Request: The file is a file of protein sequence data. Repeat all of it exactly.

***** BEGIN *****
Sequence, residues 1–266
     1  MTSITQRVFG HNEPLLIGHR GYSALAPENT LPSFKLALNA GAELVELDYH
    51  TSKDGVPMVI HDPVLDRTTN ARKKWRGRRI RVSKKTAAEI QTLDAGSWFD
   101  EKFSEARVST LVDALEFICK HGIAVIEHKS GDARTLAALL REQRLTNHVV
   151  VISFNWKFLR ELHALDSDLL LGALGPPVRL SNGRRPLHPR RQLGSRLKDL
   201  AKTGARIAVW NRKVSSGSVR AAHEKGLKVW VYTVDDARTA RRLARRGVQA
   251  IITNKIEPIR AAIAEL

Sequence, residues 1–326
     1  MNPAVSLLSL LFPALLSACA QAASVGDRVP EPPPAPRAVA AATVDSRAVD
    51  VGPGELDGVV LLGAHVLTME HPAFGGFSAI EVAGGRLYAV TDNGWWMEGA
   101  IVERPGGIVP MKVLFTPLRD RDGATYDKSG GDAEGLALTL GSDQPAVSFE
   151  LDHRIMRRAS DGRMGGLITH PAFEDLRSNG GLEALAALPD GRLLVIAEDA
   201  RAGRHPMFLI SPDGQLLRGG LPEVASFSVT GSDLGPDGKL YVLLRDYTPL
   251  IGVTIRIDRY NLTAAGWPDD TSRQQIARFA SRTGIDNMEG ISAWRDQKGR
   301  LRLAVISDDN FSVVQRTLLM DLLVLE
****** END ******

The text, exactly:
Sequence, residues 1–266
     1  MTSITQRVFG HNEPLLIGHR GYSALAPENT LPSFKLALNA GAELVELDYH
    51  TSKDGVPMVI HDPVLDRTTN ARKKWRGRRI RVSKKTAAEI QTLDAGSWFD
   101  EKFSEARVST LVDALEFICK HGIAVIEHKS GDARTLAALL REQRLTNHVV
   151  VISFNWKFLR ELHALDSDLL LGALGPPVRL SNGRRPLHPR RQLGSRLKDL
   201  AKTGARIAVW NRKVSSGSVR AAHEKGLKVW VYTVDDARTA RRLARRGVQA
   251  IITNKIEPIR AAIAEL

Sequence, residues 1–326
     1  MNPAVSLLSL LFPALLSACA QAASVGDRVP EPPPAPRAVA AATVDSRAVD
    51  VGPGELDGVV LLGAHVLTME HPAFGGFSAI EVAGGRLYAV TDNGWWMEGA
   101  IVERPGGIVP MKVLFTPLRD RDGATYDKSG GDAEGLALTL GSDQPAVSFE
   151  LDHRIMRRAS DGRMGGLITH PAFEDLRSNG GLEALAALPD GRLLVIAEDA
   201  RAGRHPMFLI SPDGQLLRGG LPEVASFSVT GSDLGPDGKL YVLLRDYTPL
   251  IGVTIRIDRY NLTAAGWPDD TSRQQIARFA SRTGIDNMEG ISAWRDQKGR
   301  LRLAVISDDN FSVVQRTLLM DLLVLE